Lithuania’s economy demonstrates resilience in the face of global shocks
The International Monetary Fund (IMF) mission led by Borja Gracia, which finished its work in Lithuania today, notes that Lithuania’s economy remains remarkably resilient: even in the background of new challenges and uncertainties posed by Russia’s war against Ukraine, a positive economic growth is expected, which should reach nearly 2% of the GDP this year. Inflation will remain higher this year but is expected to decline significantly in 2023 as the impact of the energy price shock fades. According to the IMF, the main challenge in the short term is to contain inflation, and looking ahead it is important to boost productivity through structural reforms in education and health care.
“The IMF welcomes the Government’s actions to mitigate the impact of increased prices, especially energy prices, on the country’s economy, business and society, particularly on most socially vulnerable groups. The decisions taken are helping the Lithuanian economy to continue showing upward trends even in the face of a major shock, while the cessation of energy imports from Russia – gas, oil, and electricity – is increasing our resilience to future shocks,” said Gintarė Skaistė, Minister of Finance.
Following a rapid recovery from the COVID-19 pandemic, the Lithuanian economy faced Russia’s war against Ukraine in a strong position. The trade ties and energy dependence on Russia have been steadily declining since Lithuania’s accession to the EU, a trend that accelerated after the annexation of Crimea in 2014. In 2021, Lithuania’s share of exports to Ukraine, Russia, and Belarus combined made up only 16%, while 90% of its exports to Russia consisted of re-exported goods, and therefore, the impact of the war on the Lithuanian economy due to trade disruptions is not particularly significant.
Global energy and food price hikes and supply bottlenecks have accelerated inflation which reached the annual rate of 18.5% in May 2022. However, the IMF experts point out that the inflation is driven not only by external factors but also by strong domestic demand, while the labour market remains tight. In this context, the IMF welcomes the Government’s response in the form of a €2.26 billion package to mitigate the impact of the energy price shock on the country’s economy, business and society. It is underlined that further fiscal policy measures in the face of shocks should be targeted and aimed at the most vulnerable groups.
As for medium to longer-term horizons, the IMF stresses the need to look for additional sustainable sources of the budget revenue, for example, by implementing changes to immovable property and environmental taxes, thereby broadening the tax base on the grounds of taxes that are less harmful to economic growth. In this respect, the proposal made by the Ministry of Finance of the Republic of Lithuania to change the real estate tax model is evaluated positively.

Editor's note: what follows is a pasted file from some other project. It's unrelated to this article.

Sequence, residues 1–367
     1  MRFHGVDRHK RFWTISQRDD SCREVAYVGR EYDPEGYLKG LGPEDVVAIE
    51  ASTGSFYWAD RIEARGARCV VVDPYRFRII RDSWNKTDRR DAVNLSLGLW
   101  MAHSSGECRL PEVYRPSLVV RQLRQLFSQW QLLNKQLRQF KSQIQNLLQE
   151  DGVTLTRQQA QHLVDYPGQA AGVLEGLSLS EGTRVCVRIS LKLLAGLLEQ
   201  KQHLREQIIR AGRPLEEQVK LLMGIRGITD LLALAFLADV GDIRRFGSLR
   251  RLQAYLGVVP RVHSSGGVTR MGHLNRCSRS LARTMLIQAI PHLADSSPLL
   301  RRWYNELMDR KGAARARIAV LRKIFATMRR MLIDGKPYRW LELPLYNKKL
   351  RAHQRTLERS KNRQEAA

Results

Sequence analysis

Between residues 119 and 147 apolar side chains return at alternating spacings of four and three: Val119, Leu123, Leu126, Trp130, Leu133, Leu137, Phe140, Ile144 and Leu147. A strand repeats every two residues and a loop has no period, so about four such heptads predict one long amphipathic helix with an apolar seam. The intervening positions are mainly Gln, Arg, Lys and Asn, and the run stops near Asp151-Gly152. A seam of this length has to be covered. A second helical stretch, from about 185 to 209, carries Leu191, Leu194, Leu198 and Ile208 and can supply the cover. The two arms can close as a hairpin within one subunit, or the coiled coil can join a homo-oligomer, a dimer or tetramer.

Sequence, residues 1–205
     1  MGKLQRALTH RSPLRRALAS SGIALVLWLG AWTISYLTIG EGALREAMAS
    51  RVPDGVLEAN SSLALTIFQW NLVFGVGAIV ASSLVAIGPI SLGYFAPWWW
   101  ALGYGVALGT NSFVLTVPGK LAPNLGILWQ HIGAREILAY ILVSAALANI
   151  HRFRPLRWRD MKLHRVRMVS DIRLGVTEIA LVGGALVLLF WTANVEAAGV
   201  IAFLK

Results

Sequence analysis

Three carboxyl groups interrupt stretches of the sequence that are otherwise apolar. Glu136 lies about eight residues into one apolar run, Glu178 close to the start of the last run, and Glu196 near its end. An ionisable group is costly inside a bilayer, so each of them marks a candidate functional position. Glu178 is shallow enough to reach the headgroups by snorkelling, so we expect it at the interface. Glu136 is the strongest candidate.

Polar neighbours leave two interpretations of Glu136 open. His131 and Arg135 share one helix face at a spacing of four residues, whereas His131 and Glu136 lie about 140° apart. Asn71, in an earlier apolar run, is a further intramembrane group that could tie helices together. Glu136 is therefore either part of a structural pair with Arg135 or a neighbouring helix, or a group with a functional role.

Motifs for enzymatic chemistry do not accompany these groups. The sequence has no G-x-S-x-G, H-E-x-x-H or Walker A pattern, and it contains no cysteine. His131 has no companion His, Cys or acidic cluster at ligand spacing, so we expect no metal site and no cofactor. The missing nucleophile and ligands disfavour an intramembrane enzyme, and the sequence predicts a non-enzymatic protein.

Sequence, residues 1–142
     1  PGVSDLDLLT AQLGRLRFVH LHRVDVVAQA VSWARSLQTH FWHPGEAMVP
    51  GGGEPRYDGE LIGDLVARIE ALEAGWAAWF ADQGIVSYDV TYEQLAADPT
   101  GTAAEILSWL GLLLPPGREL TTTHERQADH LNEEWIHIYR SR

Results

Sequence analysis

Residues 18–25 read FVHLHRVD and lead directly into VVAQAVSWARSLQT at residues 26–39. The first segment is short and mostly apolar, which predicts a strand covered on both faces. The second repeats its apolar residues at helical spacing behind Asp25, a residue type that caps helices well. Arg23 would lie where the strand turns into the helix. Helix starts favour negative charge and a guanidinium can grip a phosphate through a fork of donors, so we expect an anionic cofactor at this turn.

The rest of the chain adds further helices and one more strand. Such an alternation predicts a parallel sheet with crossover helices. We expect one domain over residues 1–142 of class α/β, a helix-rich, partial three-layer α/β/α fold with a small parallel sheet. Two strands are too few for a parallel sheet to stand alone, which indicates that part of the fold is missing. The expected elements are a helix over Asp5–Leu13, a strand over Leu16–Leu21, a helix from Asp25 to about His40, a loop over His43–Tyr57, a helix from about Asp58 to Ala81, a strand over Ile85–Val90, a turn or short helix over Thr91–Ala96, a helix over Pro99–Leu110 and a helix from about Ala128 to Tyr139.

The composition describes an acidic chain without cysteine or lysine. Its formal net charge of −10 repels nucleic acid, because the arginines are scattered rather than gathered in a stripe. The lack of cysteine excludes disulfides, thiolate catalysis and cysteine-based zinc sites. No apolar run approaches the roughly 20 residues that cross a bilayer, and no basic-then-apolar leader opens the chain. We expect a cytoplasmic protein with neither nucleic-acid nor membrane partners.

According to Gediminas Šimkus, Chairman of the Board of the Bank of Lithuania, despite the shock caused by external threats, the Lithuanian economy will grow quite rapidly this year and the output gap will be positive. Looking ahead, additional fiscal stimulus is therefore unnecessary and additional public spending should only be targeted and directed at the most vulnerable groups.
In the assessment of the IMF, the banking sector in Lithuania is well capitalised and liquid, and ready to withstand even large-scale economic shocks. The financial situation of firms and households is sufficiently sound, but the rapid increase in property prices remains a source of risk. Accordingly, the steps taken by the Bank of Lithuania in the area of macroprudential policy, including a higher down payment requirement to buy a non-first housing, were welcomed.
This year, the IMF mission focused on the analysis of the fintech sector and the assessment of the anti-money laundering (AML) and counter-terrorist financing (CTF) framework. It should be noted that this analysis will be part of the regional ML/TF risk assessment exercise, which is being carried out this year by the IMF experts in all Nordic-Baltic countries.
“One of the new strategic objectives of the Bank of Lithuania is to increase the maturity of market participants and compliance processes. The IMF experts’ views on this issue are broadly in line, and the supervisory actions by the Bank of Lithuania have been assessed positively,” said Šimkus.
The IMF stresses that despite the war, the structural challenges are still relevant to Lithuania’s economy, therefore it is important to accelerate education and health reforms, as well as to take further action on climate change and energy security. In the IMF’s view, the inclusion of a CO2 component in the assessment of environmental taxes would not only create the necessary incentives to reduce energy consumption and environmentally damaging emissions but would also contribute to the State budget.
During the two-week consultations, the IMF experts met with the members of the Board and department representatives of the Bank of Lithuania, the management and experts of the Ministry of Finance, as well as with representatives of the President’s Office, the Seimas, the Government, other state institutions and the private sector.
Lithuania has been a member of the IMF since 1992. Currently, the membership of the IMF includes 190 countries. The annual country consultations with the IMF are organised in accordance with Article IV of the IMF’s Articles of Agreement, which obligates the IMF member states to pursue the economic and financial policy that ensures domestic and global financial and economic stability.